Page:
Encouraging marriage has always been a cornerstone of Conservative Party policy and recent press reports have speculated that Tory leader Michael Howard might be considering a return to MIRAS for married couples – a move that would save them some £3,000 per year.
MIRAS – mortgage interest relief at source – was introduced in 1983 to provide homebuyers with tax relief on the interest payments on their mortgages. MIRAS was progressively scaled back in the late 1980s and 1990s – multiple tax relief was abolished in August 1988; higher rate relief was scrapped in 1991; and relief was cut to below the basic rate in 1994 and again in 1995 and 1998. MIRAS was finally abolished in April 2000.
So, Mortgage Strategy asks: Is a return to MIRAS feasible?
John Stewart, PMI Independent Financial Advisers
It would cost too much to bring MIRAS back. It would mean lower payments but interest rates are low anyway. It might make the market more buoyant but that is not needed.
Harry Katz, Norwest Consultants
It would be better to see a revision of Stamp Duty and make sure regions other than the South-East are made attractive to buyers to work in. Bringing back MIRAS should not be a priority.
Mark Osland, Fidelius
It is feasible but the simplest thing to do is just reduce taxes. MIRAS would have little impact, especially with the current low interest rates.
Ruth Whitehead, Ruth Whitehead Associates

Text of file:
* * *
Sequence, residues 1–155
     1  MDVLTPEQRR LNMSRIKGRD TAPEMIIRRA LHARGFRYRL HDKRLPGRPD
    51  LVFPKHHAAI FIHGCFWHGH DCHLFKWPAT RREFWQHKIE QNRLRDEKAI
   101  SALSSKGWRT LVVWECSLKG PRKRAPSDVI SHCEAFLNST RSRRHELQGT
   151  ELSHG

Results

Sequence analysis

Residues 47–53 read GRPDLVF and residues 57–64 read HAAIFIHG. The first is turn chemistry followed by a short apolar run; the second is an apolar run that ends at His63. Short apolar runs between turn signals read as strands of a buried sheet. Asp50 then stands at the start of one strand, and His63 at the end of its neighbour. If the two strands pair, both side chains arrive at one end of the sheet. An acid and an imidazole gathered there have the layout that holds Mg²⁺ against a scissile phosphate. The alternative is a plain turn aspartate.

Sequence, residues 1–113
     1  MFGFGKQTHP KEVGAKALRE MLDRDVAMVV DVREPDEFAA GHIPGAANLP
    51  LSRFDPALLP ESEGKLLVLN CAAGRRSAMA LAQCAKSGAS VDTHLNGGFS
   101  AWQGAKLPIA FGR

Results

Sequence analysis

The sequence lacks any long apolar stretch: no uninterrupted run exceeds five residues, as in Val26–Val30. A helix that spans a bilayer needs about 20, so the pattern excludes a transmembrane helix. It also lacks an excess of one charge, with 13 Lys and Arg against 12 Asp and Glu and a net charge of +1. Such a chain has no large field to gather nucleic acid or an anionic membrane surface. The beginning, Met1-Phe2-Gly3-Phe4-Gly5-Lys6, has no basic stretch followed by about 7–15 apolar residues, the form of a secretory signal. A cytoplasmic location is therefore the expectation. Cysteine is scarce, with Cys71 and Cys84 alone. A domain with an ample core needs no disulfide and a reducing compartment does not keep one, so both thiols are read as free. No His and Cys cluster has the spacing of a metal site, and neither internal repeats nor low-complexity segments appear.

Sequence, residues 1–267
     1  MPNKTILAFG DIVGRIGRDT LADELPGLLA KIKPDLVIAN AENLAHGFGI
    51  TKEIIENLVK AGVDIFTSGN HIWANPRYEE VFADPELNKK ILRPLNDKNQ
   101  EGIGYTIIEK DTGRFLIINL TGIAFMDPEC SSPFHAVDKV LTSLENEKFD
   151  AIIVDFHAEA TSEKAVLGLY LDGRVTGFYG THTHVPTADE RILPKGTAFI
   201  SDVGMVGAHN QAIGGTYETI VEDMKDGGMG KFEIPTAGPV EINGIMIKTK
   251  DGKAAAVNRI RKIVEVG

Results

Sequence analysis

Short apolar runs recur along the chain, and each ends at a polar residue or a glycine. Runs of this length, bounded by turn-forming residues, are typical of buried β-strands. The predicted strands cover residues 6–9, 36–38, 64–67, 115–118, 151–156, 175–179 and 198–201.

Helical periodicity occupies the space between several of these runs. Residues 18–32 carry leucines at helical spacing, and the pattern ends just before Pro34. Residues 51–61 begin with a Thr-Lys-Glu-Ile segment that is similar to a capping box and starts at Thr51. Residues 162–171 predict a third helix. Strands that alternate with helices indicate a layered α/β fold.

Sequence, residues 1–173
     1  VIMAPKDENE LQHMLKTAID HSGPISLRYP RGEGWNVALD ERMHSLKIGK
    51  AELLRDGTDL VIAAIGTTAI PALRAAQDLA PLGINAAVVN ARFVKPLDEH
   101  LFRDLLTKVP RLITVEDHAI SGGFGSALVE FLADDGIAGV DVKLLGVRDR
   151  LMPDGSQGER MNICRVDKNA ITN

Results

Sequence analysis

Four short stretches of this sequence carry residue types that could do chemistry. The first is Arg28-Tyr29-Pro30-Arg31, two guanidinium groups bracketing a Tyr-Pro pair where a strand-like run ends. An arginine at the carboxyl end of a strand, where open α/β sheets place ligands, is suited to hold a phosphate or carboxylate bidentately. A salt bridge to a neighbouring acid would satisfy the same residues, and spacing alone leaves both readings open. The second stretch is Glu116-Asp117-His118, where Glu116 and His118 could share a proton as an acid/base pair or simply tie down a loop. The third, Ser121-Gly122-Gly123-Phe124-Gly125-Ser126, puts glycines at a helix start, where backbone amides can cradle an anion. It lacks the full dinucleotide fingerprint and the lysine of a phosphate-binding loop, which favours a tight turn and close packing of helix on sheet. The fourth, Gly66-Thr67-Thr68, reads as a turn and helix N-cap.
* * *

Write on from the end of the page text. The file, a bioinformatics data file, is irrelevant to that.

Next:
It's just a political manoeuvre and one that hasn't been thought through. It would be less of a task to reduce Stamp Duty, which is already in place, than to set up MIRAS from scratch.
Trevor Youens, Flower IFA
It would probably return at some ridiculous amount like up to £60,000 which wouldn't have much effect in the South-East. People earning £20,000 or less would be the targets which means the middle class would have to pay.
evin Morgan, EZI UK
Think of something new, Mr Howard. It's an old idea which is being re-heated to win votes. We have a competitive market which doesn't need a shot in the arm.
Rod Murdison, Murdison & Browning
A better idea would be to make MIRAS available only to first-time buyers up to a maximum of £100,000. It should also only be applicable at basic rate of tax relief so those who are already wealthy would be excluded.
Carl Melvin, Millbrae Financial Services
It would have to be severely revised. The problem with the original scheme was that the level of MIRAS didn't increase in line with house price rises. Howard probably just wants to get himself a reputation as a tax-cutter.
Jim Gillespie, Independent Financial Services
To make a difference it would have to fall into line with the average price these buyers pay for a property. If MIRAS came back at the original maximum of £30,000 it would be futile.
Tim Stone, Andrews Mortgage Services
It would be a welcome development but should be made available to all house purchasers. It is a moot point as to whether it would be worthwhile in terms of value.